Why did I fall for Paul’s manipulations, which—in hindsight—make me look like a spineless sap? I am only human, and under similar circumstances, the majority of women would have fallen for them, too. Ask any introductory psychology student, and he or she can tell you about the concept of “cognitive dissonance.” We dislike inconsistency (i.e., dissonance) and we strive for consistency, especially within ourselves—our attitudes, behavior, perceptions, thoughts, etc. If, for example, we become aware that our attitudes and/or our behavior are inconsistent, we are motivated to make a change to create consistency.
When my honeymoon came and went without us going on “my” hike, I experienced cognitive dissonance. If Paul truly loved me, the honeymoon should have reflected my interests and preferences as well as his, but it did not. To make the unpleasant feelings associated with this mental disharmony dissipate—to resolve the dissonance—I had several options. I could have lowered the importance of one of the factors creating my mental discord. Perhaps the hike really had not been important to me. Alternatively, I could have added an element or reframed the situation to eliminate the dissonance. Perhaps, as Paul said, I had not communicated my preference properly, so he was not at fault. I could have also reminded myself that overall Paul was a wonderful guy and worth a little sacrifice here and there. Another possible way to resolve the dissonance was to conclude that I had just married a lying, manipulative weasel.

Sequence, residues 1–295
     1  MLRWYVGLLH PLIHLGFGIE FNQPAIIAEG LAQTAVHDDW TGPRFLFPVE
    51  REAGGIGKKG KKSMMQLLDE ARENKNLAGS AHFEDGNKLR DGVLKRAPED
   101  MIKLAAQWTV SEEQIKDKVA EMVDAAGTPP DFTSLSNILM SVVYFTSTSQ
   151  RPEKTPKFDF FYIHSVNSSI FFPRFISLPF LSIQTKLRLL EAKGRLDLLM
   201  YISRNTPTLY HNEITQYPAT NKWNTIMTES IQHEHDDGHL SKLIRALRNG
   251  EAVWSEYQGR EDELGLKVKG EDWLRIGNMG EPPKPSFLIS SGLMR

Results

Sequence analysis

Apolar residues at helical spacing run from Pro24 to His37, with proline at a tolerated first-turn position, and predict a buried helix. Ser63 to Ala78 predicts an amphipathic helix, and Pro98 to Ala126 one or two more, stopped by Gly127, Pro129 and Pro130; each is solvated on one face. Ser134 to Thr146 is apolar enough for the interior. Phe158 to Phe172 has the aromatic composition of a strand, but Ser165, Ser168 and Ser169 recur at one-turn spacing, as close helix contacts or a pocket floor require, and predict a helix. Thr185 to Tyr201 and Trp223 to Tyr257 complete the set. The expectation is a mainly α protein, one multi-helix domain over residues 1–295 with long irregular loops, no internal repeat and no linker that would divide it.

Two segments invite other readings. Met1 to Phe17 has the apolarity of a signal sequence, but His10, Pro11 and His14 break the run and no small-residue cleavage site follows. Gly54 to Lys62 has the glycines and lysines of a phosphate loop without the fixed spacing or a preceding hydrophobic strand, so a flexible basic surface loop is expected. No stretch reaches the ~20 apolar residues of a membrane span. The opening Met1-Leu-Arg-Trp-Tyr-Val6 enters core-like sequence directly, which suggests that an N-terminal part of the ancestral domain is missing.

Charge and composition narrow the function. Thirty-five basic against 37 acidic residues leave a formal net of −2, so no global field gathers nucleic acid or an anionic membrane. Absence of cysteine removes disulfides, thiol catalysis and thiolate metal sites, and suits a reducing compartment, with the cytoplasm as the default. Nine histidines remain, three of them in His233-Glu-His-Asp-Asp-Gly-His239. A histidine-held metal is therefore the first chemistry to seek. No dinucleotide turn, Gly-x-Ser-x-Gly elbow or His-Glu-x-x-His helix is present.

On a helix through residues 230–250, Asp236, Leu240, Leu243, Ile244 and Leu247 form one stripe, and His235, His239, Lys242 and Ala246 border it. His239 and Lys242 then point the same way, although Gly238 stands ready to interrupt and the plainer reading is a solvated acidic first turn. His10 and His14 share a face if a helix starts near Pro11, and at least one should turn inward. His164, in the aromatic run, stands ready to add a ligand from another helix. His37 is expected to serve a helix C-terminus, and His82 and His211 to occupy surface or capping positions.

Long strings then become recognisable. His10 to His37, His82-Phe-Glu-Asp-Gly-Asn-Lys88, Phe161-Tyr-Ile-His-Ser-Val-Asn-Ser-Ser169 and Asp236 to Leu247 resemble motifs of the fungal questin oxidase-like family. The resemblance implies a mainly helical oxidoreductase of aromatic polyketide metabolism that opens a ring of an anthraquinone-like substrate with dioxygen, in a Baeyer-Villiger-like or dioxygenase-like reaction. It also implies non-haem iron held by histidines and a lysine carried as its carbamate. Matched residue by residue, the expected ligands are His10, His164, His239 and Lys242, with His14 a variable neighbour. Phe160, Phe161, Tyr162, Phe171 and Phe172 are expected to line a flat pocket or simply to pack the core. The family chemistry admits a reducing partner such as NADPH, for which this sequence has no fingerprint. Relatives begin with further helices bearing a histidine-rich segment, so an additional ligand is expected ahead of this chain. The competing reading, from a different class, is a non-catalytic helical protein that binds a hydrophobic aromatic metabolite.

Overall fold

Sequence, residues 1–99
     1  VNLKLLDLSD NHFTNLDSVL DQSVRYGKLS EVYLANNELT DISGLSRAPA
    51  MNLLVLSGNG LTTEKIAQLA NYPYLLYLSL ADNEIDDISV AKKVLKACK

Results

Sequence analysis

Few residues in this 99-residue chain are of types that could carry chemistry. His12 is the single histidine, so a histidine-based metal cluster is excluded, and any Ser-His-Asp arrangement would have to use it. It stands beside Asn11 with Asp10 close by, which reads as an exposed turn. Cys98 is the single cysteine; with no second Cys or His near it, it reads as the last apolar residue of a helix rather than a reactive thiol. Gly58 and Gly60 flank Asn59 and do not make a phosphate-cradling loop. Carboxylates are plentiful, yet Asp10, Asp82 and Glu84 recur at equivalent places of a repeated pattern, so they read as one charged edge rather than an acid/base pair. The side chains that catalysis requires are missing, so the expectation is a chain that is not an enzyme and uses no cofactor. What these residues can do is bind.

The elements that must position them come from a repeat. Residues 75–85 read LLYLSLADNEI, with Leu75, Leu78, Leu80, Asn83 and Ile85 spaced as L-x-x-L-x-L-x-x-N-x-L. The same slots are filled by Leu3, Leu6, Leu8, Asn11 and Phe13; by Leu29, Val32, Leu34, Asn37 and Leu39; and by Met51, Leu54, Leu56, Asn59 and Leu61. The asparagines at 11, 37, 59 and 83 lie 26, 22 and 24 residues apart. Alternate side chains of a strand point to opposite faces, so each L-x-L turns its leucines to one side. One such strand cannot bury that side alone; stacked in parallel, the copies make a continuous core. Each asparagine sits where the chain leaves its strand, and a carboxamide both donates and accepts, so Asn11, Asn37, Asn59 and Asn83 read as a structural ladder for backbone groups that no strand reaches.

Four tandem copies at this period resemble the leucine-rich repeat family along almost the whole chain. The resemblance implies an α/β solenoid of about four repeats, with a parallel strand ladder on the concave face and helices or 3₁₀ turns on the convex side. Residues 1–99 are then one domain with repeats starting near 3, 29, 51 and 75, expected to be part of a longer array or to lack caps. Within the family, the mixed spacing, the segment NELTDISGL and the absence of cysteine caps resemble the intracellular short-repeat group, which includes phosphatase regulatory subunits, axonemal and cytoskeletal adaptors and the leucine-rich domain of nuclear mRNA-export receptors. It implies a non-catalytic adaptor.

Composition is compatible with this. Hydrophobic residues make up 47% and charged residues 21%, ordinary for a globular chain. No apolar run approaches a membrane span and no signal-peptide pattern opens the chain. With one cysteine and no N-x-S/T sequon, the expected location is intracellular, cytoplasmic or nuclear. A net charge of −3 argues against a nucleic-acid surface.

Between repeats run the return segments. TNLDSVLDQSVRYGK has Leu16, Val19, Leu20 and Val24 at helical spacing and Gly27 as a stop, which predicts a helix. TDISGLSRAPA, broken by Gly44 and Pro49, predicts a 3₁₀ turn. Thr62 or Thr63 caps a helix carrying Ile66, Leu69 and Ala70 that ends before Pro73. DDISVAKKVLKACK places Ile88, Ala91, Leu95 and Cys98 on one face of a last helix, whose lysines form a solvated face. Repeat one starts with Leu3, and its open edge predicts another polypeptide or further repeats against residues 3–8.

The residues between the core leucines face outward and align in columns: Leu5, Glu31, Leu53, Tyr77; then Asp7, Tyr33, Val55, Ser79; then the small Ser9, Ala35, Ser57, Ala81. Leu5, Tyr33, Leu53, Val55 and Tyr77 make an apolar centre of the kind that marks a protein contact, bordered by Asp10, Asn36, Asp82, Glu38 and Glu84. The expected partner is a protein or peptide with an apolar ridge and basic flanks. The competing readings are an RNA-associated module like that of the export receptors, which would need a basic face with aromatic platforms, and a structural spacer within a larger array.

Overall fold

Unfortunately, for me to decide that Paul was, in fact, a dishonest, scheming, controlling rat was highly unlikely at that moment. With the wealth of information I had telling me that Paul was a wonderful, empathetic, honest guy, and the fact that I had just made the immense emotional investment of marrying him, a misunderstanding about a hike a few days earlier was unlikely to trigger that conclusion—although, in retrospect, I wish it had. With that avenue to resolving the dissonance blocked, I was left with the alternatives. And there was nothing stopping me from engaging in the mental gymnastics of tapping all three of these strategies—the hike was not that important to me, I was an ineffective communicator, and Paul was worth the sacrifice. Case closed! Cognitive conflict resolved! My new husband was a wonderful man. Onward!